US Soldiers teach Iraqi Army proper ambush reaction techniques
January 11, 2011
CONTINGENCY OPERATING SITE MAREZ, Iraq -- Soldiers assigned to 1st Squadron, 9th Cavalry Regiment, 4th Advise and Assist Brigade, 1st Cavalry Division, trained Iraqi soldiers to react to an enemy ambush at Al Ghuzlani Warrior Training Center (GWTC), here, Jan. 5.
Cavalry scouts instructed Iraqi soldiers of 1st Battalion, 11th Brigade, 3rd Iraqi Army Division, fundamental techniques for properly reacting to ambushes from various distances.
"The reason we are giving them this training is so they will be able to defend themselves against the enemy if they ever encounter an ambush," said Sgt. Martin Gaymon, a cavalry scout assigned to Troop A, 1st Sqdn., 9th Cav. Regt.
"If every soldier knows how to operate at the basic level, it will make their army better as a whole," said Gaymon.
Different from responding to basic enemy contact, ambushes involve enemy forces deliberately positioning to engage friendly forces.
During the training scenarios, Iraqi soldiers moved as squads at the GWTC, remaining watchful and alert, knowing the enemy could attack at any minute.
U.S. forces, operating at GWTC, led the individual and collective infantry training for soldiers of the 3rd IA Div. as part of Al Tadreeb Al Shamil, Arabic for "All-Inclusive Training," a four-week training cycle to develop Iraqi Army division's offensive and defensive capabilities.
The soldiers moved silently during their training exercise, only using hand-and-arm signals to communicate.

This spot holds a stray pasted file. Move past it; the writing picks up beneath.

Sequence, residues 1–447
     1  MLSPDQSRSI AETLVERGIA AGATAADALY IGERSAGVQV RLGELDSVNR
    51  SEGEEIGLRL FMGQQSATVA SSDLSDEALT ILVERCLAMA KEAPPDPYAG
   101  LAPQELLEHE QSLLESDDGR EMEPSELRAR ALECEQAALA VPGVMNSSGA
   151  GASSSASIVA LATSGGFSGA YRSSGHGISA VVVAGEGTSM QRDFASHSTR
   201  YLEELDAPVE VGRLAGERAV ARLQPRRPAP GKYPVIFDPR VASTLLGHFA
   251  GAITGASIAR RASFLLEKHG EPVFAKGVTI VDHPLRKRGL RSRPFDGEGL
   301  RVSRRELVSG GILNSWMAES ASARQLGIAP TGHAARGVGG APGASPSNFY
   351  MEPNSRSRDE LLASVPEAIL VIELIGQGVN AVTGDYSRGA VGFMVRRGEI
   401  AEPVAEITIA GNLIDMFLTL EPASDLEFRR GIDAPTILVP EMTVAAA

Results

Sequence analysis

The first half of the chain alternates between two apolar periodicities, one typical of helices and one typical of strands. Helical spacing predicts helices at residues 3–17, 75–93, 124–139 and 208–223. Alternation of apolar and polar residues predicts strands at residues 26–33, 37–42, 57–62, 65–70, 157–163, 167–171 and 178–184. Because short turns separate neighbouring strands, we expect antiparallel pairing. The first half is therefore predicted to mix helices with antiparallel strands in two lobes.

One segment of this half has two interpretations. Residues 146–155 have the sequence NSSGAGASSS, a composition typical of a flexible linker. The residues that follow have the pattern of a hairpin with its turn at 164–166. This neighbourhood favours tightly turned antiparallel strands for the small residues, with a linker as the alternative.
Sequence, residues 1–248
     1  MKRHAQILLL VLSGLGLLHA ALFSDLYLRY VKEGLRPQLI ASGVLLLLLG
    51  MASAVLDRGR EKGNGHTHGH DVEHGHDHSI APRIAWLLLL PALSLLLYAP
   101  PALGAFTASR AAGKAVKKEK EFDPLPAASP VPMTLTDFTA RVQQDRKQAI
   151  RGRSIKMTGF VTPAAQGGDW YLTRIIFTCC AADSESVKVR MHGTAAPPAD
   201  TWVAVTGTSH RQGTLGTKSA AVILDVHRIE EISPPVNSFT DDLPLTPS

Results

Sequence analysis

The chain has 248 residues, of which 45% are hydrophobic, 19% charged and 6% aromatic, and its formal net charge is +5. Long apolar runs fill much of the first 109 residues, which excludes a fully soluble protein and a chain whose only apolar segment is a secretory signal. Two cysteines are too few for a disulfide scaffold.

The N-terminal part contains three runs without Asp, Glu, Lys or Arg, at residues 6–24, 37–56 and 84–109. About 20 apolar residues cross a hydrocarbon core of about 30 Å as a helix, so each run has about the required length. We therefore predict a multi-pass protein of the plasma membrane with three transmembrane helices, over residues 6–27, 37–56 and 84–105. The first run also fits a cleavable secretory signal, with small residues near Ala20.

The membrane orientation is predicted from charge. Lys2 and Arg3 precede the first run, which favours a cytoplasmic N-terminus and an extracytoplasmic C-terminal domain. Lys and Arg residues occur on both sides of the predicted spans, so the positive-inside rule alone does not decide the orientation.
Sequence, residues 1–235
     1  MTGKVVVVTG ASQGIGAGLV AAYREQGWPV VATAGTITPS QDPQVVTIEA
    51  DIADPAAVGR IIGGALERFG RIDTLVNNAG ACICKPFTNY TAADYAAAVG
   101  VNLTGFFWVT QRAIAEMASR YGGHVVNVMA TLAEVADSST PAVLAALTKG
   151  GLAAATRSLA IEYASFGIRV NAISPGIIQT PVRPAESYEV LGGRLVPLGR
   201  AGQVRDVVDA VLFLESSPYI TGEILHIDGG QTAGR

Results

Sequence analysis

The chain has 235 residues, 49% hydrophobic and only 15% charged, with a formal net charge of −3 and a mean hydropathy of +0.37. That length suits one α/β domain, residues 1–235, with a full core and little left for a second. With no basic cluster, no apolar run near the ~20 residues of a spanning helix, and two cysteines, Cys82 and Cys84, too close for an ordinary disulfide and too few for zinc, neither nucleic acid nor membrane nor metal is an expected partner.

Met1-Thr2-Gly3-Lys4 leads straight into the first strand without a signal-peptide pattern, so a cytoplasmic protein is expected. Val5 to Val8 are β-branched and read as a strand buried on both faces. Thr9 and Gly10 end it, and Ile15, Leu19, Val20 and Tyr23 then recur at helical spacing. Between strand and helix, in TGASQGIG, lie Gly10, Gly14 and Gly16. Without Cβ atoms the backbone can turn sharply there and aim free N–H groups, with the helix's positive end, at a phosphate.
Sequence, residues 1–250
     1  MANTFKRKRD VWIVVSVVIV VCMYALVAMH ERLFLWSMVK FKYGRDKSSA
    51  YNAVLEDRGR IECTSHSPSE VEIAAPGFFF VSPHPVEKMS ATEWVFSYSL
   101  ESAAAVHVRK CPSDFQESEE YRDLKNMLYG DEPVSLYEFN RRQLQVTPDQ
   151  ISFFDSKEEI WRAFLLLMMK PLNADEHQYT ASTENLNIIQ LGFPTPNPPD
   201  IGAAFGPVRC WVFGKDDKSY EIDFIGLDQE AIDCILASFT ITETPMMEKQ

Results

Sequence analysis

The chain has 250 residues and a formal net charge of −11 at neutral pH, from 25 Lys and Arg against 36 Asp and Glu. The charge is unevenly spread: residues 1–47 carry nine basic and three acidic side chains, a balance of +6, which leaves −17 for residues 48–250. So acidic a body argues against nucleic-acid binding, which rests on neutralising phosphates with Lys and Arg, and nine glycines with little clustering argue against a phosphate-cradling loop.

When U.S. forces simulated attacks, using the word, "bang," the IA soldiers immediately assumed defensive positions to engage the enemy and secure the area.
"We are here to help improve their army overall," said Sgt. William Fatherree, a scout assigned to Troop A, 1st Sqdn., 9th Cav. Regt. "We're training them on the things we were taught."
"One day they will have to train their own soldiers, so we are laying a foundation so they can pass the training along," said Fatherree.
As Iraqi soldiers demonstrated their growing competency throughout the training, they asked to lead their own soldiers.
"This training is very good for us," said Iraqi Army 1st Lt. Kasim Muhemed, platoon leader, 1st Bn., 11th Bde. 3rd IA Div. "We are learning in two parts: classroom and doing it directly."
"This helps us to learn more and improves the Iraqi Army," said Muhemed.
Soldiers of 1st Sqdn., 9th Cav. Regt., continue to train the Iraqi battalion at the Al Ghuzlani Warrior Training Center through January as part of U.S. Division-North's advise, train and assist mission in support of Operation New Dawn.